“The question of what you want to own is actually the question of how you want to live your life.” – Marie Kondo
Synopsis: Despite constant efforts to declutter your home, do papers still accumulate like snowdrifts and clothes pile up like a tangled mess of noodles?
Japanese cleaning consultant Marie Kondo takes tidying to a whole new level, promising that if you properly simplify and organize your home once, you’ll never have to do it again. Most methods advocate a room-by-room or little-by-little approach, which doom you to pick away at your piles of stuff forever. The KonMari Method, with its revolutionary category-by-category system, leads to lasting results. In fact, none of Kondo’s clients have lapsed (and she still has a three-month waiting list).
With detailed guidance for determining which items in your house “spark joy” (and which don’t), this international best seller featuring Tokyo’s newest lifestyle phenomenon will help you clear your clutter and enjoy the unique magic of a tidy home – and the calm, motivated mindset it can inspire.
I never expected to be so drawn towards a tidying phenomenon. I’ve seen her around a couple of times on the internet, doing her magic thing where she folds everything. Then her Netflix show ‘Tidying up with Marie Kondo’ aired and I watched it. I love watching people throw away their stuff and see the transformation of their houses, although I sometimes felt a little awkward watching her being so spiritual towards the house. After watching the show, I decided to read the book this whole world-wide craze started with.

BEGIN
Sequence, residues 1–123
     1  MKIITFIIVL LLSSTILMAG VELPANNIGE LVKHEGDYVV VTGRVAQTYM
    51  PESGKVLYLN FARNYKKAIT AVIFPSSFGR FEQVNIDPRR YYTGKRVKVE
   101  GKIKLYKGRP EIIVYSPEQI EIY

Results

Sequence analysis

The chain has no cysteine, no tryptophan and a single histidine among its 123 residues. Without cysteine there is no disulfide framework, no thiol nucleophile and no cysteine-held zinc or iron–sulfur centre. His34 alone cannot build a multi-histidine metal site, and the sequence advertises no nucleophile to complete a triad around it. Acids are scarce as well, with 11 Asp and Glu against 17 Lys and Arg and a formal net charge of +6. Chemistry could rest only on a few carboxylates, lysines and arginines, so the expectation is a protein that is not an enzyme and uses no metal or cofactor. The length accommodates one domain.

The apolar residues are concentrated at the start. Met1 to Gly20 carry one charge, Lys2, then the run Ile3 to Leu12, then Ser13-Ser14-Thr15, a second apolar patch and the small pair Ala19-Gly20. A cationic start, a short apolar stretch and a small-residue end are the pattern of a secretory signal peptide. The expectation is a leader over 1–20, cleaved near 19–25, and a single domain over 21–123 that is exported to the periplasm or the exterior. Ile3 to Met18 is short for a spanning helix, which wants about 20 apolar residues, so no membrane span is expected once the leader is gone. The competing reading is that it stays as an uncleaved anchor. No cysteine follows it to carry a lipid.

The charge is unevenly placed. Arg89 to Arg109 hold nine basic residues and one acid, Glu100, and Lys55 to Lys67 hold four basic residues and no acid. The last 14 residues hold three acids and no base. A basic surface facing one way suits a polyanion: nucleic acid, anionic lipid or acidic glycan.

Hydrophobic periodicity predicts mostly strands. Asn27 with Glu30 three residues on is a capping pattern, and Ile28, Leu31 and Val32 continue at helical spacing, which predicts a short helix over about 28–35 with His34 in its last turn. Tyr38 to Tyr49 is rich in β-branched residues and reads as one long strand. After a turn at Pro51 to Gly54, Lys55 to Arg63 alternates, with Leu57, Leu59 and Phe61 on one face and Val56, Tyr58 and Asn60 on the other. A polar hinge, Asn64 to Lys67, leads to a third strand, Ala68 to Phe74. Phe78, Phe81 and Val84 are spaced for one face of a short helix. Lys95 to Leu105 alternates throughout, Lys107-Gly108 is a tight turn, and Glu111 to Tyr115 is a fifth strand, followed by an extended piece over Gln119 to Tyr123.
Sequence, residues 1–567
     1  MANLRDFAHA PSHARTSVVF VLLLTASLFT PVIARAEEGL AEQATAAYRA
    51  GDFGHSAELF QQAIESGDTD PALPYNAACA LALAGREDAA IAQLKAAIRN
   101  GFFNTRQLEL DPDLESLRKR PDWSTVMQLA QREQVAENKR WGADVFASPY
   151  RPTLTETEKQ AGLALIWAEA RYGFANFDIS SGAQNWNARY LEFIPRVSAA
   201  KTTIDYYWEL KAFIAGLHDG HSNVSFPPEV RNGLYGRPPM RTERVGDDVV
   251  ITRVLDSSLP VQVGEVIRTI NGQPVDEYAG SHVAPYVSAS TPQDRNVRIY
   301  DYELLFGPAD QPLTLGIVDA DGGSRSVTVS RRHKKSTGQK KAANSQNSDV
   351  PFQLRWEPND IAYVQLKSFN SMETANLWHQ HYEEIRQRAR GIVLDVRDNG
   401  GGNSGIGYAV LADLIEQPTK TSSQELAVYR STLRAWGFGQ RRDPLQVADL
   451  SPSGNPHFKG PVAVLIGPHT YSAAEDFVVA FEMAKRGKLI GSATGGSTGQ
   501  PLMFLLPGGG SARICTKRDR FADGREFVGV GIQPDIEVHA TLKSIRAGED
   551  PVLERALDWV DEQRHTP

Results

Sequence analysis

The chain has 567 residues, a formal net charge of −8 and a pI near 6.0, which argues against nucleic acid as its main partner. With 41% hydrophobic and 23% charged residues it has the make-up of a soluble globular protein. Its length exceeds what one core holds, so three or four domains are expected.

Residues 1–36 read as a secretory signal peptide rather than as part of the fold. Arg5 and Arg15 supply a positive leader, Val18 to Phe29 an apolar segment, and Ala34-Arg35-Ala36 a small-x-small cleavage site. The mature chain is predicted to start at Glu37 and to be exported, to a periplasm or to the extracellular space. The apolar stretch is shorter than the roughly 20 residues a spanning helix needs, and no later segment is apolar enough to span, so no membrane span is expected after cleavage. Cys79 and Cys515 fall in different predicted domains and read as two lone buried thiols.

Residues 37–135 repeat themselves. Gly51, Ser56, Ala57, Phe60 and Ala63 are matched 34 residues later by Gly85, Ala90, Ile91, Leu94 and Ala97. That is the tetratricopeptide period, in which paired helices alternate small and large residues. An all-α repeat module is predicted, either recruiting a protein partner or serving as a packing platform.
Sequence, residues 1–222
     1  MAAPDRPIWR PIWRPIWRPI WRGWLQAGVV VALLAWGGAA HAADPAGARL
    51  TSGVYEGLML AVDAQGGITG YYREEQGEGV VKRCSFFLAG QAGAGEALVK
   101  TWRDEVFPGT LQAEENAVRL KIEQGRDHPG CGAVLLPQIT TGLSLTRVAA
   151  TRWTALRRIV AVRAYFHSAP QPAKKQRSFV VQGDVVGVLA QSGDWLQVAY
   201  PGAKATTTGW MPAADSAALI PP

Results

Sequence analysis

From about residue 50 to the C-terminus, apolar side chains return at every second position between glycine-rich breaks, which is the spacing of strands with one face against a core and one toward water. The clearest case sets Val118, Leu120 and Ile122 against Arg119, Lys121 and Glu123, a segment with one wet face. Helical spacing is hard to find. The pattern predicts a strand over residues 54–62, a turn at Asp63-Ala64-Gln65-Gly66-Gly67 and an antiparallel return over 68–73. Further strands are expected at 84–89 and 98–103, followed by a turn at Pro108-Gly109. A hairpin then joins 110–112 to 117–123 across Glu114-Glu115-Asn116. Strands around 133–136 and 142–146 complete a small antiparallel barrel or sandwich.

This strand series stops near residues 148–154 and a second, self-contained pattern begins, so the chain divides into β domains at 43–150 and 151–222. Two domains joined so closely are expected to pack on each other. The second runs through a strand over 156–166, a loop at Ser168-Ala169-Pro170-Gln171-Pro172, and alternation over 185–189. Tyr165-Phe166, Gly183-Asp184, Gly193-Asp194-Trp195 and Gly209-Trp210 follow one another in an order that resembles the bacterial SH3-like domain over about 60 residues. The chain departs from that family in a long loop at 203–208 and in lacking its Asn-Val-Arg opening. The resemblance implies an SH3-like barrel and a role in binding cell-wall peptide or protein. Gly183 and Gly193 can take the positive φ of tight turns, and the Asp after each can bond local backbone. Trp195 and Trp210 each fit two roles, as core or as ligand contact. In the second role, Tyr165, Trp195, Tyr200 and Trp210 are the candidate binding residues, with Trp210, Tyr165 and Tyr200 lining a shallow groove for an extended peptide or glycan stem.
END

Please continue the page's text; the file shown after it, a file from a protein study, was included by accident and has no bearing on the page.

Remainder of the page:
After finishing this book, I felt like I just read a self-help book on how to change my life. It was fascinating to read how the whole process of tidying can change a person’s life, and I fully believe in that. To get your life in order, you have to have your surroundings in order.
Marie Kondo focuses a lot on the spiritual relationship with your house and your belongings. Although I’m not someone who would talk to inanimate objects like she does, I can appreciate her thought behind this. I can feel guilty when I throw away a piece of clothing I never wore, though it won’t do any good hanging in my closet for another set of time. Then I make a mental note not to buy a piece of clothing like that again, since I won’t be wearing it and it will be a waste of money, and will donate it to make someone else happy. It will be less hard to throw away belongings in that way.
Since I watched her show and read her book, I’ve been doing some tidying as well. There’s no way to read this book and not wanting to tidy up your house. Now I notice how much calmer I am in my house, having everything tidy and in a designated spot. It definitely declutters the mind and feels succesful, unlike other methods where you know you have to do it all over again soon.